This is a true story of a couple that planned on launching into retirement with high hopes, only to find their dreams dashed. It’s a story of betrayal, self-sabotage, unconditional love and the amazing gift of forgiveness and redemption.
Last summer, I met, let’s call them, Laurie & Ben, in my Petaluma office. Laurie had just turned 67, Ben was 70. They were in need of a retirement plan as Laurie was looking to retire at the end of last year. Ben had retired 3 years earlier.
Laurie was the one that contacted me initially. After our phone meeting, my sense was that based on their needs, we were a good match to work together, so we set a time for the three of us to meet in person the following week.
The night before we were scheduled to meet, I received an email from Ben saying something came up and could we reschedule for the following week. After they made an appointment then cancelled again, and then once more, I suspected it was the usual case of one spouse attempting to drag the other spouse to meet the ‘money guy’, with one not really wanting this meeting to happen. Oh well, win some, lose some.
A couple weeks went by and in came a call from Laurie. We had both hit it off on our initial phone meeting, she was a referral from a client I really liked and her energy and positive attitude was contagious. She asked if we could attempt one more try at meeting and this time she said Ben would be there no matter what. So I figured, what’s to lose? Why not one more attempt. The 4th will be the charm.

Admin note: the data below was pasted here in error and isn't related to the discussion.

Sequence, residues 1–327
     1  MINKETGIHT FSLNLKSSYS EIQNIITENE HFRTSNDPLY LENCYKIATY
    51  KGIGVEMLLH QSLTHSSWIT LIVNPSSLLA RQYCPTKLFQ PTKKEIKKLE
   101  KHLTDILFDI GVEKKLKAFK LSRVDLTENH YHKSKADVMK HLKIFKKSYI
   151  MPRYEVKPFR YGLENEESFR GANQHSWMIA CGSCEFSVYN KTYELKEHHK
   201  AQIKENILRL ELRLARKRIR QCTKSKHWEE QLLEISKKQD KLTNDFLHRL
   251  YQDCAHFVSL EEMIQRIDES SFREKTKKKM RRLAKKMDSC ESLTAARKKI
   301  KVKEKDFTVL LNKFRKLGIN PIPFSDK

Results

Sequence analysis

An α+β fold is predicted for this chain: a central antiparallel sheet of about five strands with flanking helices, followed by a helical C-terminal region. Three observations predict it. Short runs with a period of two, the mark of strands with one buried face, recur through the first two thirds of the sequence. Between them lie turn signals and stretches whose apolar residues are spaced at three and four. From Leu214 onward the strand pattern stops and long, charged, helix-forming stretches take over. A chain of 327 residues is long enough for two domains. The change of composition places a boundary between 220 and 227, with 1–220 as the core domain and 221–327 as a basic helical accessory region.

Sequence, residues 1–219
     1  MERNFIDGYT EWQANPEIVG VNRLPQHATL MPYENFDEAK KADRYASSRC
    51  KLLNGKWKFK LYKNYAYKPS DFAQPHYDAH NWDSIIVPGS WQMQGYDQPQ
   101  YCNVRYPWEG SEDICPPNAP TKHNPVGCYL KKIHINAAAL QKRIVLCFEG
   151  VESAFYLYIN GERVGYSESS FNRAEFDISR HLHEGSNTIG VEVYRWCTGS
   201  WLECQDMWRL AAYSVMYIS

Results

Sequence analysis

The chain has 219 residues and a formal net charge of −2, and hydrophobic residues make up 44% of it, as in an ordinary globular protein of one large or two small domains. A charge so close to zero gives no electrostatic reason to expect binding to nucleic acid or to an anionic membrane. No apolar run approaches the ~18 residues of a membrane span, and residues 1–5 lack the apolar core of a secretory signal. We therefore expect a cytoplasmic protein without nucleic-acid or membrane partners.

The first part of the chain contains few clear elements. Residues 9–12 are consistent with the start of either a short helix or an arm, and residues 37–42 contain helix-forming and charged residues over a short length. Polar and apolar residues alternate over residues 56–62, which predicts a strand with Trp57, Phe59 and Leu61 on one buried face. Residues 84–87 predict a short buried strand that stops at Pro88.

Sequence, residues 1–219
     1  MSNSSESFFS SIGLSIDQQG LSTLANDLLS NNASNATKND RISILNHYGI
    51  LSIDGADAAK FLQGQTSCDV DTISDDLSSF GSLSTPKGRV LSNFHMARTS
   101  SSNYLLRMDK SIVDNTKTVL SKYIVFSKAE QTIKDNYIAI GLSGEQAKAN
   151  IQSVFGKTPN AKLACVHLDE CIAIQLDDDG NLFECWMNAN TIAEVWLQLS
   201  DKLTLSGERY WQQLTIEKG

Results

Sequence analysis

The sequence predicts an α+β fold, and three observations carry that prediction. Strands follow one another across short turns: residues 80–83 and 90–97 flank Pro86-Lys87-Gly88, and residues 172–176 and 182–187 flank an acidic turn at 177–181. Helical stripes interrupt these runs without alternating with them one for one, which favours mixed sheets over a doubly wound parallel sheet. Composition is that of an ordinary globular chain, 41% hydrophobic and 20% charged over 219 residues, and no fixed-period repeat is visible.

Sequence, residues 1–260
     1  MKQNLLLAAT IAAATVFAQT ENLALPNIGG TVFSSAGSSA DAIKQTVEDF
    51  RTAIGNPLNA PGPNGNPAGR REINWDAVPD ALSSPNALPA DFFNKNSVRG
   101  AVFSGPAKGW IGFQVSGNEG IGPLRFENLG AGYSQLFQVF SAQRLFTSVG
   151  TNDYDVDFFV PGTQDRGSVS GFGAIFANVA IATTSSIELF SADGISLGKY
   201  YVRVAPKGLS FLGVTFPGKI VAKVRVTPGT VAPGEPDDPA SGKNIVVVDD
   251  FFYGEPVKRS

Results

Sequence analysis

The following week, to my surprise, the night before our meeting, there was no email from Ben asking to reschedule. So that morning I finally met Laurie and Ben. Laurie was excited, Ben looked nervous and even though my office was on the cool side from the a/c, he was shvitzing. That should have been my first red flag that something was up, but I chalked it up to the nerves of meeting a financial advisor.
All Hell Breaks Loose
After a few minutes of getting to know each other better, we moved into a discussion of their plans/dreams/desires for retirement and how they visualized their lives in their 70’s, 80’s and beyond.
Laurie provided a rough estimate of their net-worth ($2 million plus) and said although she used to handle all their personal finances, including their investments and regular monthly bills, since Ben retired, he had taken over that role. In turn, my focus shifted to Ben, who, still shivtzing, looked at his wife, then me, and didn’t say a word.
That silence lasted for about 30 seconds. Then, Ben blurts out he screwed up and kept saying that, crying and repeating, Laurie, I screwed up, I screwed up.
Now having been in some precarious situations previously, when one spouse or the other during a financial planning meeting confesses to something they did wrong, I’m sort of used to this stuff. Yet the way Ben was falling apart in front of my eyes told me this was going to be a big screw up. Little did I know then how big of a screw up it would actually turn out to be.
Once Ben was able to compose himself, the truth came flooding out. Not only did they not have a $2 million dollar net worth as Laurie had assumed, they were actually $100,000 in debt. What happened?